Xt Archive

Stratego -- Strategies for Program Transformation
Some ideas for making advanced Stratego features more accessible to new users.


  • Easy to define a syntax for language X and implement a source-to-? or source-to-source transformation for it.

  • Easy to define a transformation for language X, which is already supported by some package (e.g. java-front).

  • Easy to reuse existing syntax definitions. Languages should be 'components' that more or less hide their internal implementation.

XT Archives: Tool and File Integration

One of the problems of XT is that there are many file types for a single subject language. These file types are used by several tools. The users needs to know how to generate all these files and he needs to pass these files explicitly to all the tools.

xtar (xt archive) is a solution to this problem. xtar collects the standard set of files for a specific language into a single zip archive (compare to a jar file). This archive can then be passed to all the XT tools and they just take out the files that they need. The user doesn't need to know what specific files a tool need.

The only input of xtar tool is an SDF module. It takes a -i argument for this module and probably should accept the include flags of pack-sdf. xtar will integrate the following tools:

  • pack-sdf
  • sdf2table
  • sdf2rtg
  • rtg2sig
  • ppgen

The resulting xtar will contain all the files related to a language: a A.def, A.tbl, A.rtg (A.rtg-nf), A.str (A.rtree) and A.pp (A.pp.af). Hence, the xtar contains all the files required to implement a transformation for language A. Furthermore, the archive might contain meta information (compare the a jar manifest).

Components of this archive, in particular the .pp, must be overrideable.

Below are some more adventurous and unclear ideas. These are not directly related to the idea of XT Archives.

Flexible Composition of XTC Repositories

Problem: users more or less need to be in an Autoconf/Automake environment if they need to do composition.

The XTC repository mechanism should be more flexible. Most important: a tool should be able to locate resources from multiple repositories. Also, repositories should be more dynamic: currently repositories are only constructed at install-time.

The configuration of the XTC repositories to use should be more flexible. It should be possible to extend the resources visible to StrategoXT components, without difficult repository construction.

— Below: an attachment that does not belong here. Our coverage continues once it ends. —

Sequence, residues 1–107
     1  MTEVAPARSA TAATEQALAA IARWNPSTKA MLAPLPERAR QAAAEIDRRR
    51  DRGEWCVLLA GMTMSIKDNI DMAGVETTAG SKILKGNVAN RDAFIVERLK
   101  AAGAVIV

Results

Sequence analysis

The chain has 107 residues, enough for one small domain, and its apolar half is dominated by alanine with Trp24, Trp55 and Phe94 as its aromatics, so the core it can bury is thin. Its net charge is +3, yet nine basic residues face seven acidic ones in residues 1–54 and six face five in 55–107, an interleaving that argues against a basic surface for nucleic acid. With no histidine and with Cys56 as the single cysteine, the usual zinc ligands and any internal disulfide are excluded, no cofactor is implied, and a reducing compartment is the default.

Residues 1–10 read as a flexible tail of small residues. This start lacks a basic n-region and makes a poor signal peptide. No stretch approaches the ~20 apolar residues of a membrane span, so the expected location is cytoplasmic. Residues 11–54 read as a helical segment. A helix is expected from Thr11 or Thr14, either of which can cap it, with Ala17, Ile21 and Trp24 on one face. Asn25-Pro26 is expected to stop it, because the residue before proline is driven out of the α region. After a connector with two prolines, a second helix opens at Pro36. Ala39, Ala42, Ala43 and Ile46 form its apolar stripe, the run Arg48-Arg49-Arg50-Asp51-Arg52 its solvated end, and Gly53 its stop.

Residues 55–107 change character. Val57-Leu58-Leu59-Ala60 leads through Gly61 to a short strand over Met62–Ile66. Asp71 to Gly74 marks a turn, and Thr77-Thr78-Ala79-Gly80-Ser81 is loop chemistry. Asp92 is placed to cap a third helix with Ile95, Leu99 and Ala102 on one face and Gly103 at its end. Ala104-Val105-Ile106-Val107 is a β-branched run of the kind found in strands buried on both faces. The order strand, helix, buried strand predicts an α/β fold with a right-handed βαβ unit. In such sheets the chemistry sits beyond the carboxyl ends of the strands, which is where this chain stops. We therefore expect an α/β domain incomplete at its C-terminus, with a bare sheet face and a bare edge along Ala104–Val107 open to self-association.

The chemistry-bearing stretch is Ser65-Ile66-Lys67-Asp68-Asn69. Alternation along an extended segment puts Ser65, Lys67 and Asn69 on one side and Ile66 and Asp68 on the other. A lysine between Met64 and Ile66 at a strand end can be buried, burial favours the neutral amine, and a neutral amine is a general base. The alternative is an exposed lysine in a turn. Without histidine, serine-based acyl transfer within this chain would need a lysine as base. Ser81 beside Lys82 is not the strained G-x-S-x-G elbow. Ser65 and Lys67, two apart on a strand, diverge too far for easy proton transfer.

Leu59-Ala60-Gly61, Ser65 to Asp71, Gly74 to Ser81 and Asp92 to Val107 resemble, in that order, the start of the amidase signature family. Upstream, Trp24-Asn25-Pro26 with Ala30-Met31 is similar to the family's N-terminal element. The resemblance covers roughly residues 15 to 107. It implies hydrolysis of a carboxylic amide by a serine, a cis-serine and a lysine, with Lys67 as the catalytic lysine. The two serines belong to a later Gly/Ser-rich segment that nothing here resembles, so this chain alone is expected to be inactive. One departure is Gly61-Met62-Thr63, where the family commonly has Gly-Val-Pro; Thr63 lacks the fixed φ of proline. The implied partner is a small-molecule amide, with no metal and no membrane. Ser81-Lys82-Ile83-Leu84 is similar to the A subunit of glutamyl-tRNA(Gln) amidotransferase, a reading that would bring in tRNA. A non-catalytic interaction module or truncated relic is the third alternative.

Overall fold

• Automatically load repositories in a /home/fred/.xtc directory. Packages could provide an 'activate' tool that adds their repository to this directory.

  • Use a ":" separated environment variable 'XTC_REPOS'. This variable can contain multiple XTC repositories, which are all loaded.

  • On-request extension of the XTC bindings. The zip archive of language specific files should for example be accepted by the Stratego compiler. These files are registered and the entries refer to the files in the zip file.

(Karl) I specifically suggest some configuration guidelines for the XTC tools:

  • Every XTC tool will perform a fixed search for dynamic configuration settings, starting with searching for ${prefix}/etc/xtc/xtc.conf, then ${HOME}/.xtc/config (or .xtc.conf), then any environment variables, such as XTC_REPOS. Settings will be overriden upon rediscovery.

  • Easy programmatic inspection of the XTC repository, and xtars, allowing for searching, e.g.: xtc-query Java.sdf will find all available Java.sdfs, and explain the precedence order. (User may have his own experimental stuff in ~/.xtc/myjavastuff.xtar that inadvertently takes precedence over /usr/share/xtc/myjavastuff.xtar).


  • Documentation; inasmuch as this exists, it should either be in the xtar bundle itself, or referenced in a way that allows for easy queries and subsequent display in a web browser.

In this way, the 'language archive' can be used completely transparantly by the Stratego compiler and other tools.

Include Resources in Executable

Transformation tools should be more or less self-contained, at least they should contain their data files to avoid all the problems in locating this data.

At least, all external files can be packed into one xtar, which is bundled along with the binary. If all auxiliary tools know how to deal with xtars, we have reduced the deployment from binary + heaploads of extra stuff to binary + data, which is already a big improvement.

  • Parse-tables could be included in the binary. They can be written to a temporary file, or libsglr can be used.

  • Transformation tools created in this way should not have a built-in default repository: they should be portable the .xtc mechanism can be used as a default a repository.

  • In-program resources (such as the parse table) should be registered in XTC and can be used as ordinary XTC resources.

  • XTC compositions can be written in a non-automake enviroment.

Inline Meta Files

This is all just an extension of the existing XTC mechanism. Another thing we would like to change is the .meta file. Defining meta information in the program itself is more comprehensible for new users, and it is easier to move files around. The solution is to add a header to a Stratego module. This header will be read separately and the real body will be parsed with the specified syntax. Preferably, this header should be in a concrete syntax.


      syntax = StrategoJava

    module foo

      main =
        ; do-my-stuff
        ; xtc-pp-java